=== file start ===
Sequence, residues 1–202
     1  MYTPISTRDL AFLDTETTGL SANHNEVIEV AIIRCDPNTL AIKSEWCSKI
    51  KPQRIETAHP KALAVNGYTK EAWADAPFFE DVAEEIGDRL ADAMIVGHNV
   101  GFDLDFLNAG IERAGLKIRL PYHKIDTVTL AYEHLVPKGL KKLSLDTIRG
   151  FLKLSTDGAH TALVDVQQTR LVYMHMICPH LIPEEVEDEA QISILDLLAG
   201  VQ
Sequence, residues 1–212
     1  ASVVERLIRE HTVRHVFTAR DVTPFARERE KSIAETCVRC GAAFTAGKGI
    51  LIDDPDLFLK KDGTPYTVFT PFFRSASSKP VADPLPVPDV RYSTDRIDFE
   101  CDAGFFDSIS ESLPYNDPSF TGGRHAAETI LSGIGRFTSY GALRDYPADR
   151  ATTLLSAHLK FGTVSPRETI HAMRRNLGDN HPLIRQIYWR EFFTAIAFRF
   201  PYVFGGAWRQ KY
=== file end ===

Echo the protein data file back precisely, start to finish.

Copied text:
Sequence, residues 1–202
     1  MYTPISTRDL AFLDTETTGL SANHNEVIEV AIIRCDPNTL AIKSEWCSKI
    51  KPQRIETAHP KALAVNGYTK EAWADAPFFE DVAEEIGDRL ADAMIVGHNV
   101  GFDLDFLNAG IERAGLKIRL PYHKIDTVTL AYEHLVPKGL KKLSLDTIRG
   151  FLKLSTDGAH TALVDVQQTR LVYMHMICPH LIPEEVEDEA QISILDLLAG
   201  VQ
Sequence, residues 1–212
     1  ASVVERLIRE HTVRHVFTAR DVTPFARERE KSIAETCVRC GAAFTAGKGI
    51  LIDDPDLFLK KDGTPYTVFT PFFRSASSKP VADPLPVPDV RYSTDRIDFE
   101  CDAGFFDSIS ESLPYNDPSF TGGRHAAETI LSGIGRFTSY GALRDYPADR
   151  ATTLLSAHLK FGTVSPRETI HAMRRNLGDN HPLIRQIYWR EFFTAIAFRF
   201  PYVFGGAWRQ KY